Audio describing a non-English language film raises a number of unique challenges, the most obvious of which is how to deliver an entire film to the viewer through audio description without spoiling its artistic merit or intent.

First of all, the voicing of the in-vision subtitles needs to be clear and measured. An audio describer will generally voice at a slower pace than two people would speak during a natural conversation. The challenge, therefore, is to fit in every line of subtitled dialogue within the same time frame as the characters. Considering this often involves prefixing lines with, ‘Jack says’, ‘Kate walks in and says,’ or ‘John lowers his knife and says,’ it can be difficult to achieve without forcing a stream of commentary with no pauses or inflection.

Take Julia’s Eyes, for example, which was broadcast on Film4 last month.

Fortunately, with a dark and tense thriller like this, there are usually enough silences before or after the characters’ dialogue to use as an overflow. In other words, our audio described conversation has a bit of extra time to carry on for a few seconds after the characters have stopped talking.

In the spaces between the subtitles, we can get down to the real business of audio description, which is to tell the audience what’s happening on screen. Again, because Julia’s Eyes is a thriller, things unravelled quite slowly and so there was time to describe the eeriness of the house, the fearful walk to the neighbours or the chase after a mysterious man along dark and shadowy passages.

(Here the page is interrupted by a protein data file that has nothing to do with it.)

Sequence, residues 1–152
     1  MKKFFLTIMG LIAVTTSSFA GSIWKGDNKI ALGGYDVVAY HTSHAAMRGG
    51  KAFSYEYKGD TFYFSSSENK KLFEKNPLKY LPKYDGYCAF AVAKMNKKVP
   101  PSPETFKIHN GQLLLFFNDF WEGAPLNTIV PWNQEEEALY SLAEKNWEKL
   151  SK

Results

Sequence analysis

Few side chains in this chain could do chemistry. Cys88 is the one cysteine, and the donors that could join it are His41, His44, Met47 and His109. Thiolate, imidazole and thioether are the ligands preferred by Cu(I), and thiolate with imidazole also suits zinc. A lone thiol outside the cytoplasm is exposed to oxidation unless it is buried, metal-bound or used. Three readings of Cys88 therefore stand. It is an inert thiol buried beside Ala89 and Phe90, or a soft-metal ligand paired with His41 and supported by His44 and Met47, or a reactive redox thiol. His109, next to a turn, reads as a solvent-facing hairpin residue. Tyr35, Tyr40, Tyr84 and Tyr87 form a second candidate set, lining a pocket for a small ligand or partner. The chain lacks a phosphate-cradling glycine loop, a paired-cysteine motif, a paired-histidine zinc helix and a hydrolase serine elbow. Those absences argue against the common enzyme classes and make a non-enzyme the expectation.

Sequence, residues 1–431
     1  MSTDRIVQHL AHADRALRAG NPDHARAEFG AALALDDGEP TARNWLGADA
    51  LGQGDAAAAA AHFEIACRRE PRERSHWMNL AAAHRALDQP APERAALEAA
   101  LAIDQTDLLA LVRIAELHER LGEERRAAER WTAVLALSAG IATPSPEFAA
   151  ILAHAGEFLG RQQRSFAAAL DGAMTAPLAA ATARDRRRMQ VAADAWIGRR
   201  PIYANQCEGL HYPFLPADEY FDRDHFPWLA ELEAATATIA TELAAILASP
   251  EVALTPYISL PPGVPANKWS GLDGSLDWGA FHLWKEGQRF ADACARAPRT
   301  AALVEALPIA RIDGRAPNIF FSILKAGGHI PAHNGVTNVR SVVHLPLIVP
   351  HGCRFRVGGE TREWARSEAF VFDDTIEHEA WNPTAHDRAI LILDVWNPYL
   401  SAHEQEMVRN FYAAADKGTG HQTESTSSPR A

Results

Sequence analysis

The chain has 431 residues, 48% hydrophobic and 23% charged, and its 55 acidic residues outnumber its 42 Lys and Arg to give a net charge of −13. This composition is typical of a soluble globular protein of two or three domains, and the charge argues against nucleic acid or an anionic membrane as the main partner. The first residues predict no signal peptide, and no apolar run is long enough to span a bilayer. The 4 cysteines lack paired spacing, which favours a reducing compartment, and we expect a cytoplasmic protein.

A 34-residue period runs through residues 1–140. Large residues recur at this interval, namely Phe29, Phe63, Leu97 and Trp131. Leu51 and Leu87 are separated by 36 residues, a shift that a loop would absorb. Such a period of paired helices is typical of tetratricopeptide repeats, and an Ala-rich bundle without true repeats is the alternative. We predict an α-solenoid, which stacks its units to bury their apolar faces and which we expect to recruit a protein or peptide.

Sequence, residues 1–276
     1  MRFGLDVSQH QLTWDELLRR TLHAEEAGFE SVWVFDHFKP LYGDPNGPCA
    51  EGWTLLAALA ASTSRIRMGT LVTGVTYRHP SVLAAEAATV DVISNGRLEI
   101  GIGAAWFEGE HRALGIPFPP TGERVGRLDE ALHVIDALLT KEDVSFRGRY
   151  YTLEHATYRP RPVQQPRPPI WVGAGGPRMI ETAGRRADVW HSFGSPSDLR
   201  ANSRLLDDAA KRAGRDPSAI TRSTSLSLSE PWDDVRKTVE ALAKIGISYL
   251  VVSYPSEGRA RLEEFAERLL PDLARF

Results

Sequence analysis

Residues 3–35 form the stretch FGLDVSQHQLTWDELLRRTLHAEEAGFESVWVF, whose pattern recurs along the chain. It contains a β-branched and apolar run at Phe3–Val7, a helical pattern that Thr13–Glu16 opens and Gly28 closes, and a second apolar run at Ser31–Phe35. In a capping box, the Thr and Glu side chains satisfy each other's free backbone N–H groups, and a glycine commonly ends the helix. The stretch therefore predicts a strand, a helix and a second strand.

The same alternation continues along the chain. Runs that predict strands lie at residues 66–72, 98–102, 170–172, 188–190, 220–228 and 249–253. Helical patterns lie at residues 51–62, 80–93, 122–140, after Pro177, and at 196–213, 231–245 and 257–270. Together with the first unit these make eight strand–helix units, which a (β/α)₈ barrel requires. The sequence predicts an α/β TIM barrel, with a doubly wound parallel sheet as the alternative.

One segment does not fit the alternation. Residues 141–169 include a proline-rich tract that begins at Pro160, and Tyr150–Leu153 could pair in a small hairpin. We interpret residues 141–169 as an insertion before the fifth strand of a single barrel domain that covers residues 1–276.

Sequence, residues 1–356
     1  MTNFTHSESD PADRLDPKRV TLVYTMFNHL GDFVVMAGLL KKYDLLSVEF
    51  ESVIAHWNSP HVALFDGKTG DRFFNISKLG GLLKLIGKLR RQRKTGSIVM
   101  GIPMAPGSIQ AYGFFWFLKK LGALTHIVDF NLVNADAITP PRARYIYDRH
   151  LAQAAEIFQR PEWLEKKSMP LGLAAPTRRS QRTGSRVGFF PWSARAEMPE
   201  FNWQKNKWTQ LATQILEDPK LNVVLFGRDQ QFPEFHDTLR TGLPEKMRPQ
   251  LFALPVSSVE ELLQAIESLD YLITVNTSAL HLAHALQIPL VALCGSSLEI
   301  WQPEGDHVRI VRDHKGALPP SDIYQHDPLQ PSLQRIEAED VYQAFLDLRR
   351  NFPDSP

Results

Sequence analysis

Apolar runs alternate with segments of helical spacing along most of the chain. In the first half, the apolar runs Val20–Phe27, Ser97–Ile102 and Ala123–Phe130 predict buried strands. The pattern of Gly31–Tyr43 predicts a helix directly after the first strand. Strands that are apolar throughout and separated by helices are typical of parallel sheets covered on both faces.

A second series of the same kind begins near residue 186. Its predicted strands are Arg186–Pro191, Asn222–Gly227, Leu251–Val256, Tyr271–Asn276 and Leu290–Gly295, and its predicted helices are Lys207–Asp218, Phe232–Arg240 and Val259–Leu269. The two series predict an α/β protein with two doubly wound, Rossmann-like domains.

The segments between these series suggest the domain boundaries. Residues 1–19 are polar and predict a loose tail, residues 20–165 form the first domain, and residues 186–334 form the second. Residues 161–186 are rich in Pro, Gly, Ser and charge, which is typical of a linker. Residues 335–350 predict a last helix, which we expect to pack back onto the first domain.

The biggest challenges involved scenes that combine action and dialogue. For example, in a scene which contains a three-way conversation going on in one room while important action is taking place elsewhere, it is difficult to fit everything in whilst keeping the audio description at a steady pace.

One of the tricks of good audio description is to let the film breathe. That is to say, let the music play out, let tension build, and if someone knocks into a lamp during a prolonged period of silence, don’t describe over the crash as it hits the floor because it is there to have an impact. And most importantly, give the audience a rest from the commentary. Let them use their own senses to enjoy the atmosphere that the music, silence, and fast, panicked breathing are creating.

Although Julia’s Eyes was challenging at times, it was an enjoyable and achievable challenge and worked well with audio description. This is partly because of the reasons I mention above, but also because there were only a few characters and frequent, prolonged silences that gave us room to play with. This is not always the case, however, and to try to audio describe, for example, a fast-paced, dialogue-heavy, foreign language film would undoubtedly prove very difficult and possibly not worthwhile.

The proof in the pudding will always be in the eating and the successes or failures of a project like this can only be determined with feedback from the audience. Is a film like Julia’s Eyes still enjoyable if you are wholly reliant on audio description not only for visual cues but also for all the dialogue within the film? Or are there other ways of making foreign language programming accessible to the partially sighted community?

I’d love to hear your thoughts. Drop me a line in the comments box below.

Jez Watts, Audio Describer.